Did you know that May 24th is Pan (Pansexual and Panromantic) Day of Visibility? Well now you do! You ever noticed the P in the landscape of LGBTQIAPK+, and wondered about identity, experiences and their journeys? We did, and thought it is a good reason to bring a broader spectrum of visible and accessible pansexual persons and talk about their journey(s), how they came to identify with the label: pansexual, and what it really means!
The first in the series is Sanjana.
Bio: Sanjana is a 21 year old cis-female.
(Credit : Artwork by Anjali Kamat)
Gaysi: What does it mean to be pansexual? (Define it in your own words – a short quote)
Sanjana: For me, it’s your usual clichéd loving people for who they are, without being limited by their gender. Also, gender is one of the most pointless societal constructs in this day and age, and I’ll be damned if I let heteropatriarchal Western-colonised constructs dictate who I choose to date. Love is love is love. Plus, I’m a psychology student. It’s a lot of fun telling people how it originated in Freud’s work. Especially if they’re homophobic psychology enthusiasts.
Gaysi: How did you start to identify as a pansexual?
Sanjana: When I was 15, I read about bisexuality and started to question my identity. At 17 when I thought I had figured out my sexuality, one of my favourite poets made a Tumblr post about her pansexuality. The term initially confused me but then appealed to me much, much more as an identity than bisexuality did. It’s been four years since then, and I now use both terms with flexibility (depending on the company I’m in).
Gaysi: What about that is a struggle for you? What about it is most exciting?
Sanjana: Initially, the struggle was to even accept it as a concept. I’d been brought up (as most of us have) in the gender=sex paradigm, and the concept of being attracted to ‘both’ genders had already blown my mind. Adding the gender spectrum to the mix was initially hard for me to handle. It took me a few years, but I think I’ve figured it out now.
Currently, of course, my biggest struggle is figuring out the sexuality of people I’m attracted to. If only gaydar was an actual physical thing I had.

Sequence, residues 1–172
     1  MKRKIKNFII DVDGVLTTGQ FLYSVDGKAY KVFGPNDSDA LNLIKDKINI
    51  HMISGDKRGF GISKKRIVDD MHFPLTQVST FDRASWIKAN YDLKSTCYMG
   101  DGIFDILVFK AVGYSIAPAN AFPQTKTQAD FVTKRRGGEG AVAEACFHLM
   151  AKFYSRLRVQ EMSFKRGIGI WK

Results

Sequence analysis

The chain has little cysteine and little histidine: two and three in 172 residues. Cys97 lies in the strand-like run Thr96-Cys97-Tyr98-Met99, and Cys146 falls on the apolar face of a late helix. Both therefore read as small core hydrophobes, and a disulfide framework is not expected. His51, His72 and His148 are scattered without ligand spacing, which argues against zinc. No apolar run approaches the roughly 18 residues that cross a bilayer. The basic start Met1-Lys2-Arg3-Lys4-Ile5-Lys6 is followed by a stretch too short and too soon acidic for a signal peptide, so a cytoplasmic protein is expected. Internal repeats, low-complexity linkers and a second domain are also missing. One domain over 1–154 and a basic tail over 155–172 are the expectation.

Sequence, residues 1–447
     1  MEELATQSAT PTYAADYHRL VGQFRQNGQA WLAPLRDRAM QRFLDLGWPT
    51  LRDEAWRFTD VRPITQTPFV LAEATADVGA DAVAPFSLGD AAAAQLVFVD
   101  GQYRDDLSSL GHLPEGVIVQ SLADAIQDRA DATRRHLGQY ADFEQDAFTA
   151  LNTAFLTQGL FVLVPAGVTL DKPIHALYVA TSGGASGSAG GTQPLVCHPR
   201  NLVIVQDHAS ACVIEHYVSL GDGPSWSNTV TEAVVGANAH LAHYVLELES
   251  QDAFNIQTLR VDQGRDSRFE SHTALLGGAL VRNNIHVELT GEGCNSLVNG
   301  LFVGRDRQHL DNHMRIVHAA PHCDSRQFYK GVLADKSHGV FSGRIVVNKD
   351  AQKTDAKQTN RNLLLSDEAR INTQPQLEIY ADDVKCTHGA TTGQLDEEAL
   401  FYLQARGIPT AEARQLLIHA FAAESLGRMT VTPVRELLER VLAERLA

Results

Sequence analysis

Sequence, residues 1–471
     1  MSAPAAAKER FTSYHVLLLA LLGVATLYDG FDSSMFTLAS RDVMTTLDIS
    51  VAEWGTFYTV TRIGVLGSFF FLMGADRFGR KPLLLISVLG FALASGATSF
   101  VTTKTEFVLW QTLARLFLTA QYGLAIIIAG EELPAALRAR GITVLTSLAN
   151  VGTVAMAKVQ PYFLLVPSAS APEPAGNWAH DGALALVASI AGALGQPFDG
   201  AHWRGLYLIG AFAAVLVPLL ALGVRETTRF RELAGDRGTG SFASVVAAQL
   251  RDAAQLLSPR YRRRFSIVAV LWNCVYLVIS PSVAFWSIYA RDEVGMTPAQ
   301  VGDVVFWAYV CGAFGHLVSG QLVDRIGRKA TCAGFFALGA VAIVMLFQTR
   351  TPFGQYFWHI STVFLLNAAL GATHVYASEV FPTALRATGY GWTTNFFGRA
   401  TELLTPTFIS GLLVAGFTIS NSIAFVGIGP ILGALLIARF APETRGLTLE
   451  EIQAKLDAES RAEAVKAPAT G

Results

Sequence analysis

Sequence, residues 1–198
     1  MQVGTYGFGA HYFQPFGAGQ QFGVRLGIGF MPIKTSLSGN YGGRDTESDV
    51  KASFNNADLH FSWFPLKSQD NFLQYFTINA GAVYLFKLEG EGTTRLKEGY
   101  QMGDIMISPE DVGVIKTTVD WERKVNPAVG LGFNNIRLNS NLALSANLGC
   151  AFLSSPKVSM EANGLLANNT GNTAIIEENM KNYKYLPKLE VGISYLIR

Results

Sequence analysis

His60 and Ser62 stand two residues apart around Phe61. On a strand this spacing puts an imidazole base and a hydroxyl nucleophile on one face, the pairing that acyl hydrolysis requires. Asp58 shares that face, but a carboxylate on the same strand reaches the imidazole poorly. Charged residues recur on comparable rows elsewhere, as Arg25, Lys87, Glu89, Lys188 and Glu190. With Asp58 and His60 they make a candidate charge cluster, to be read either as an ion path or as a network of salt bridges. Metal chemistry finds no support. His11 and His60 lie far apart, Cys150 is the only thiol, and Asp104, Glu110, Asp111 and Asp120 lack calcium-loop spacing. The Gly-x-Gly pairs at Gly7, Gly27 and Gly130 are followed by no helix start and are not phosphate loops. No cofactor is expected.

Gaysi: How does it function within your understanding of yourself?
Sanjana: Coming out to my closest friends, then my other friends, then my classmates and finally my family were a big part of my beginning to develop a self-confidence and assurance that I never had before. So in that sense, it’s a pretty big part of my identity. I chose to revel in the acceptance of my sexuality as the first step in my eventual acceptance of myself.
Gaysi: Is your desire fluid? Or is it constant in your experience?
Sanjana: Is anyone’s desire really constant? Mine has never been, as far as I can recall.
Gaysi: What do you find desirable in people?
Sanjana: The ability to hold up their end of an engaging conversation, a sense of humour, and an up-to-date knowledge of memes!
Gaysi: What kind of people have you been romantically involved with?
Sanjana: Gender-wise: primarily cis-males and cis-females, with the occasional questioning individuals.
Gaysi: In your experience, how do people misunderstand pansexual persons? What are the common misconceptions?
Sanjana: For misconceptions to exist, there probably needs to be more awareness about the term in the first place.
As I said before, I use bisexual and pansexual interchangeably. That, apparently, is confusing to people (“so you’re BI now? I thought you were PAN last week!”). When I am just too tired to sit and explain pansexuality to yet another confused individual, it’s a lot easier to just say I am a bisexual. A lot of people, however, seem to think bisexuality=erasure of non-binary identities, which is categorically untrue. But since we are talking about pansexuality, I won’t digress (Of course, this doesn’t mean they are the same thing! It’s a matter of identification and personal preference).
Some things I hear quite often is “Does that mean you date multiple people together????” I usually try and explain how polyamory and pansexuality are vastly different things, and even if I were polyamorous, it has nothing to do with my sexuality. Now that open relationships are becoming more normalised, people usually get this.
And of course, there’s the classic, “Does that mean you have sex with PANS???? LOL LMAO HA HA HA ROFL.”
You’re not funny. You’re not original. Move on.
Gaysi: Do you have any PAN role models?
Sanjana: I don’t know many people who openly identify as pan. Actually, I only know one, and she’s my cousin-an incredible person who is currently working hard to put gender neutral bathrooms in her college. I’m super proud of her, and I look up to her, too.